While you were sleeping, Donald Glover’s been busy. Busier than usual for him. On Friday night, Donald Glover headlined Coachella and, as if that weren’t enough of a taxing job on its own (Beychella is a tough act for anyone to follow), he also went and dropped a whole 55-minute film at the same time. A double whammy! Guava Island is streaming now on Amazon Prime (for free, for a limited time), and will re-air again for one time only on Coachella’s YouTube stream later today. It’s a small window to catch it, so if you miss it, we’re here to get you up to speed. The first step to understanding what Guava Island even is, though, is accepting that it’s a Donald Glover/Childish Gambino film in name only. A formality, really. For all other intents and purposes, this is his co-star Rihanna’s film, and this is our truth. Does she have all the screen time afforded to Glover? Not quite — our eyes wouldn’t be able to handle it, obviously. Still! She’s all you need to see here. But for the sake of covering all our bases, let’s get into all the details besides Rihanna.
Who’s in it?
The film stars Donald Glover as Deni Maroon, who we quickly learn is pretty much the star musician on the island. He works part-time at the local state-run radio station singing a mix of jingles supporting the island’s dictator along with other, much-better, original songs. He also works down at the docks, but not by choice, and is somehow lucky enough to be in a longterm relationship with Rihanna. (We’re told he was the boy next door and wooed her with a song when they were kids. Sure!) Deni’s mission in life, he says, is to bring a sense of freedom to the island through his music.
As noted, Rihanna plays Kofi Novia, Deni’s girlfriend, who immediately knocked him down a peg the first time she ever heard one of his songs, telling him to practice more and that he’d never be able to write a song as beautiful as her. (Now that’s more like it.) Secretly she loved him and his music, of course, and so now they’re boo’d up. Kofi works in what is essentially a sweatshop, sewing all day, but has dreams of getting off the island and starting a new life abroad, hopefully with Deni if he’ll follow her. Though she’s presented as a supporting character to Deni, it quickly becomes clear that she’s the film’s anchor.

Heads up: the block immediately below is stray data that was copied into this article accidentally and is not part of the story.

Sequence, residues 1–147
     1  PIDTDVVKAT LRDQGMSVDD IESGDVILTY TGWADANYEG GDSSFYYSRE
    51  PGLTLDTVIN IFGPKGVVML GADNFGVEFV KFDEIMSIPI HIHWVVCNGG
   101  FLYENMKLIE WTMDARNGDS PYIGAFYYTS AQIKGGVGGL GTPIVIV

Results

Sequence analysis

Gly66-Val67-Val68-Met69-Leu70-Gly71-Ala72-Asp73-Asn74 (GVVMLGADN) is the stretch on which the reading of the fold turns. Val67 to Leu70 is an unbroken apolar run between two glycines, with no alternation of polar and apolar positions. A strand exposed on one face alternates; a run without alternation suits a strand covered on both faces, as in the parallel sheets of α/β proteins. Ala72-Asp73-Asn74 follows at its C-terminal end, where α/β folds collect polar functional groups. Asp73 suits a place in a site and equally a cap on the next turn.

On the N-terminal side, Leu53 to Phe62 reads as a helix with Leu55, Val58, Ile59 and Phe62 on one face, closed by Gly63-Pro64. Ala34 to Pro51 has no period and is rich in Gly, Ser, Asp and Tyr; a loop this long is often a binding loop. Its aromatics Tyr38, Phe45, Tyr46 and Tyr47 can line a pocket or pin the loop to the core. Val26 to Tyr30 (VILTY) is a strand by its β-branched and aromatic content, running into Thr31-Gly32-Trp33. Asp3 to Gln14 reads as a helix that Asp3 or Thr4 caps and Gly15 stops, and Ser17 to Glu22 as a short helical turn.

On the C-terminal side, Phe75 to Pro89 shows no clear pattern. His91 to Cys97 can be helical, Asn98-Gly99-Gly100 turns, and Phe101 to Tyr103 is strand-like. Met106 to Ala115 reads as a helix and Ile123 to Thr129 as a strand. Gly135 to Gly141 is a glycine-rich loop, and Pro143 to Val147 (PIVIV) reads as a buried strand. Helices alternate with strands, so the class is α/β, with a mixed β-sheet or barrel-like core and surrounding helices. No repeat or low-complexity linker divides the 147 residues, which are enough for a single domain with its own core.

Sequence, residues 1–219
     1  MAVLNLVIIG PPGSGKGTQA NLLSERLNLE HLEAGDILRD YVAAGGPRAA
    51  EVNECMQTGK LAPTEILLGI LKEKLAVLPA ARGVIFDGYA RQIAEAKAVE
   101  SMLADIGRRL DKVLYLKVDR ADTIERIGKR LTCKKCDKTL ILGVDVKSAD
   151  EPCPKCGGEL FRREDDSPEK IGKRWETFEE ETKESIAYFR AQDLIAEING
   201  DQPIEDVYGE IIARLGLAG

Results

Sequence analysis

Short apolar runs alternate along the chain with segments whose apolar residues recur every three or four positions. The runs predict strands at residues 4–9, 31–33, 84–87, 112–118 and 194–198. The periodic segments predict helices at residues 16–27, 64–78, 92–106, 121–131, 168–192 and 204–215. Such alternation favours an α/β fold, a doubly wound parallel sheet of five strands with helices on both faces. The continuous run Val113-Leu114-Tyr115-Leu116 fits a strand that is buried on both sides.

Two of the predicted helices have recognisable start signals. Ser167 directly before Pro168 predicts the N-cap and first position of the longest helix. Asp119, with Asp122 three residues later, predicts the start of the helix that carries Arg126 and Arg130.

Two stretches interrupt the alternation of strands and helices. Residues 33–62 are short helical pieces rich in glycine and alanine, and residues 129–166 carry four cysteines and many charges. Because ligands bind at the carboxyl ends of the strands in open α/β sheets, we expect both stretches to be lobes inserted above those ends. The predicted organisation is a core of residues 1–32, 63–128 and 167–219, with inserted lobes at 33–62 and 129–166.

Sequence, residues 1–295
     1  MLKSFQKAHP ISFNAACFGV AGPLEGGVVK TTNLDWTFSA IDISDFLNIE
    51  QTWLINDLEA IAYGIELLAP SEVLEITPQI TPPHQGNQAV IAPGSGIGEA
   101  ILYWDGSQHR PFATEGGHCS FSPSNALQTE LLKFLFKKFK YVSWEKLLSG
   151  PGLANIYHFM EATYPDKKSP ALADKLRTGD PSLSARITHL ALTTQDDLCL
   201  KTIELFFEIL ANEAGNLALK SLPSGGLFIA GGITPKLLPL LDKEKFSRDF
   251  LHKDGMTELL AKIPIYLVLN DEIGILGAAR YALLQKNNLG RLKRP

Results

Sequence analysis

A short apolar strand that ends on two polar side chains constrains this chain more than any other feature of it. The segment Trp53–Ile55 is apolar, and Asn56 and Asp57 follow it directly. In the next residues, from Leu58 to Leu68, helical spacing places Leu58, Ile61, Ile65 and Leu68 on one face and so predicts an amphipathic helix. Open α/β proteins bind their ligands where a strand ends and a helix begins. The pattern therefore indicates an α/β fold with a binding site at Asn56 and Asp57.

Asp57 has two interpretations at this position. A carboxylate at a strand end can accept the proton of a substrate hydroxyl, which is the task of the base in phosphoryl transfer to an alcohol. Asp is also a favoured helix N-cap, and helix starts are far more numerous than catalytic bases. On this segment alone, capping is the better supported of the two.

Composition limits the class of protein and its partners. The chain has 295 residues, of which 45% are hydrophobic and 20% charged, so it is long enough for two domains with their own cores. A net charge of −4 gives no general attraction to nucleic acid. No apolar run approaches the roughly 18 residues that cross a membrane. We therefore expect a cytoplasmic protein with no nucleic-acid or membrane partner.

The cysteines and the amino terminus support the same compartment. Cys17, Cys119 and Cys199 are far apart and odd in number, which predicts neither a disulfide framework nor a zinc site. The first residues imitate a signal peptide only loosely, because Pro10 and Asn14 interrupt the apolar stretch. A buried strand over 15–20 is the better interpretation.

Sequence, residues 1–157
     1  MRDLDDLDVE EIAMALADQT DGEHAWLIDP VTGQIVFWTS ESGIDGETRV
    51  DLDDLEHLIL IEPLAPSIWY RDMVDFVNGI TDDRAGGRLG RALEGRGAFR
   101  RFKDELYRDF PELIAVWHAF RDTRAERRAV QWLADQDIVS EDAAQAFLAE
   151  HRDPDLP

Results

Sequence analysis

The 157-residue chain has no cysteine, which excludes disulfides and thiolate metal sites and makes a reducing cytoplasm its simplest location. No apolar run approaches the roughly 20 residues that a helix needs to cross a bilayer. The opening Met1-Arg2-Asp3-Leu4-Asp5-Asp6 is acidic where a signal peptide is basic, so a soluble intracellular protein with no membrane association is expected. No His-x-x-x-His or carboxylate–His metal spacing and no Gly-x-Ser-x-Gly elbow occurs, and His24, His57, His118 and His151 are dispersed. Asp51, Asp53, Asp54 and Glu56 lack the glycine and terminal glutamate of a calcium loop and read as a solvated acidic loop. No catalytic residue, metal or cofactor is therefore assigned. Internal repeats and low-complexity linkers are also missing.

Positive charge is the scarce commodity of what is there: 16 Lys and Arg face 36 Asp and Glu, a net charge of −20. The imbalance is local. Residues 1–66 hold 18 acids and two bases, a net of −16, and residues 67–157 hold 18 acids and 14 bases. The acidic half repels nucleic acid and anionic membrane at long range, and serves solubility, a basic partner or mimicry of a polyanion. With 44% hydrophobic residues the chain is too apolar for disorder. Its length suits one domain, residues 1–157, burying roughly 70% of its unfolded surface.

Rihanna’s joined in the factory by Black Panther’s Letitia Wright, who plays Kofi’s best friend Yara. While Kofi’s more of a rule follower at work, Yara’s a free spirit (a Shuri 2.0) who blasts the radio when the guards aren’t looking, so she can turn up to Deni’s music and get Kofi to loosen up.
The whole island is more or less governed by the Red family, which, we learn via an animated story of Guava’s history in the film’s opening, has taken control of the island’s chief export, blue silk, and forced everyone on the island to work for them as a means to ensure that all the island’s capital stays in only their pockets. Game of Thrones’ Nonso Anozie plays Red Cargo, the apparent Red heir presently in charge of keeping the island and its people in check through whatever violent means necessary.
How’d it get made?